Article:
I placed the plywood board on my workbench and laid the furring strip beside it. Then, I lined it up and marked exactly where I need to cut. I did this over and over until the entire frame is pieced together.
Before assembling your frame, you’re going to want to sand, sand, and keep on sanding. Furring strips are awesome because they’re super inexpensive, but man…. They need some TLC with a sander. I used my Ryobi Corner Cat sander and 120 grit paper, sanding until my frames were smooth to the touch.
Is your wood smooth? Now let’s assemble! Use a nail gun or a hammer and nails to fit your frames onto your plywood. I have this super sweet Ryobi Airstrike nail gun that honestly makes this part so easy. No hammering required!
Even when I take my time with mitered corners, I always need to use a little wood filler to make my corners perfect. I’ll get it right without wood filler one day! (Today wasn’t the day though.) I popped on some latex gloves and used my finger to smooth in some wood filler. The wood filler made my imperfect corners a little more perfect.
Step 3: Stain the Wood
I adore Minwax Provincial stain and honestly use it 90% of the time I’m finishing projects. Maybe I need to switch it up! I’ve been thinking of experimenting with milk paint. Maybe for the next project? Once your wood filler has dried (check the recommended drying time on the back of the package), smooth on some wood stain (or paint) following the directions on the back of the can.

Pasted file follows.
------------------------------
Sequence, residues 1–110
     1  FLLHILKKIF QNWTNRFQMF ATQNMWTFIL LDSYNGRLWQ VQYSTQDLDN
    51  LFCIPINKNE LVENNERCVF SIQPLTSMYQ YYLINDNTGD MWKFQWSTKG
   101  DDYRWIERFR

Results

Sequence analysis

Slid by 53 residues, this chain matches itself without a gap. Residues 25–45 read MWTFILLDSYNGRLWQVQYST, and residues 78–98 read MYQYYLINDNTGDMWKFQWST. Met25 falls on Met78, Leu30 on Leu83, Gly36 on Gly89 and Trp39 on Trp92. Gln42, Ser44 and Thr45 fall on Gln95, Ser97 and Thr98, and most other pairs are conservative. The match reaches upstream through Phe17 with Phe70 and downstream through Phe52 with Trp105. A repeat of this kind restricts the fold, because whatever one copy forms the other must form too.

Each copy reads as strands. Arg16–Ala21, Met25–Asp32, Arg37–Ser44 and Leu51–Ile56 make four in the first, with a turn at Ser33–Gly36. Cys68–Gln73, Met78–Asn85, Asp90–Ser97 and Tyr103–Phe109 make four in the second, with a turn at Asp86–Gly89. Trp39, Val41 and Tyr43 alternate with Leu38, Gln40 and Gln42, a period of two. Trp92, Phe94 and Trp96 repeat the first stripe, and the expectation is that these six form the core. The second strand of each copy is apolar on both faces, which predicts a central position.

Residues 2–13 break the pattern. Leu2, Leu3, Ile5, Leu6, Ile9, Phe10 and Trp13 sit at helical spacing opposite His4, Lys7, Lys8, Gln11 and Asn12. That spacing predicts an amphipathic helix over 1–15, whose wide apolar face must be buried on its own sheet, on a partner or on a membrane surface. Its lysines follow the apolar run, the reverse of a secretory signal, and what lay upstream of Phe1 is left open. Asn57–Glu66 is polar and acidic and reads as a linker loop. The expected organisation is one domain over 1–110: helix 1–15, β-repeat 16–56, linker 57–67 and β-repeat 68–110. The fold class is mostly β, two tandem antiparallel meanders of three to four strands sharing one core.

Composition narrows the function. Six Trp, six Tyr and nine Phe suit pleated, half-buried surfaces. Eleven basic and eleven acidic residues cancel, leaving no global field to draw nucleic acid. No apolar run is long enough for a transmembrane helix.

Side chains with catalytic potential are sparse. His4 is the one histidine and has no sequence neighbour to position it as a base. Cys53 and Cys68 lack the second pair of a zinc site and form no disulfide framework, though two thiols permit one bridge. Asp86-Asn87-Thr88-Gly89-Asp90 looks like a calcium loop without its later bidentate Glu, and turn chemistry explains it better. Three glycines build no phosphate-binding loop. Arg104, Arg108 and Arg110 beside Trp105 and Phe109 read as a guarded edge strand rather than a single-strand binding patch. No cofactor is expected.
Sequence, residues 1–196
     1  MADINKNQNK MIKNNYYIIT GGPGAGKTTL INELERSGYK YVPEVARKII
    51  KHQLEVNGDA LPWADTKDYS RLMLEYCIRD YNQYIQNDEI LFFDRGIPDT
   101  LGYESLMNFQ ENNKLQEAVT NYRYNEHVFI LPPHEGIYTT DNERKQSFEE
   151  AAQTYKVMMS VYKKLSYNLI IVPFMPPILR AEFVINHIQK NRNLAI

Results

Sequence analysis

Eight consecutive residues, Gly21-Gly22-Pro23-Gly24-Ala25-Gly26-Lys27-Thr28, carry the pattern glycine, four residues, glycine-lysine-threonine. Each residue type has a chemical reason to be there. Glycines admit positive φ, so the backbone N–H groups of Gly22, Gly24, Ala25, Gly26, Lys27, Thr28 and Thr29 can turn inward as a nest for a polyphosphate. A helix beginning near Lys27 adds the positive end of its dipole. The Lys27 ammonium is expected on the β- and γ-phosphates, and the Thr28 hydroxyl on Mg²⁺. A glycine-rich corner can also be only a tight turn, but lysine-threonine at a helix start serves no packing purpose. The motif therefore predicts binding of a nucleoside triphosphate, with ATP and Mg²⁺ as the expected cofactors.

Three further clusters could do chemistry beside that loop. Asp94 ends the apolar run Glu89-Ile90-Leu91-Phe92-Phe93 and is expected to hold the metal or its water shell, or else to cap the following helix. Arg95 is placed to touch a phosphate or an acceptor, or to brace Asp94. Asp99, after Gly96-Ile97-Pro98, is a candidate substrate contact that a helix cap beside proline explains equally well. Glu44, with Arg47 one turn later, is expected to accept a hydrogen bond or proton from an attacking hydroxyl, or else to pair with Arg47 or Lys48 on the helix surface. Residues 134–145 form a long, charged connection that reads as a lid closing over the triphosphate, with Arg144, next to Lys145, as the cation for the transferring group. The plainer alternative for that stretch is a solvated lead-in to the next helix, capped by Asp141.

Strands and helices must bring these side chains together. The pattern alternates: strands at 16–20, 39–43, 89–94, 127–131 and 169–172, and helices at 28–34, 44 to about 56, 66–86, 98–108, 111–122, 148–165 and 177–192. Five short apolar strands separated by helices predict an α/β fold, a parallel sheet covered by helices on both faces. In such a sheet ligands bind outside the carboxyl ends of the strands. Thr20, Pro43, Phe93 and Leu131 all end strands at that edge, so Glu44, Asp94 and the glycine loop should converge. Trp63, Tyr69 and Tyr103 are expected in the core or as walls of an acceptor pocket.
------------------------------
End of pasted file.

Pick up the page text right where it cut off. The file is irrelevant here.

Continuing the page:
With my Minwax provincial, I always use a little sponge brush or staining rag, apply one coat, and wipe it off after a minute or two. Easy!
Step 4: Glue Down, Hang Up
Almost there, buddy. The only thing left to do is to affix your print to your plywood. For this step, I used spray adhesive, spraying a liberal coat on my plywood and allowing it to dry down before I carefully placed my print onto the plywood backing. To make you don’t get glue onto your fabulous new frame, you may want to use a little painters tape to mask off your wooden frame edges. I used my library card to smooth out any air bubbles.
Once the glue is dry, flip your print over and hammer in a small sawtooth hanger onto the top back of the frame. …And you’re done! I would, of course, LOVE to see your projects. Follow me on Instagram @homebeautifully and tag me to show off your work. I can’t wait to see! What pictures are you going to choose?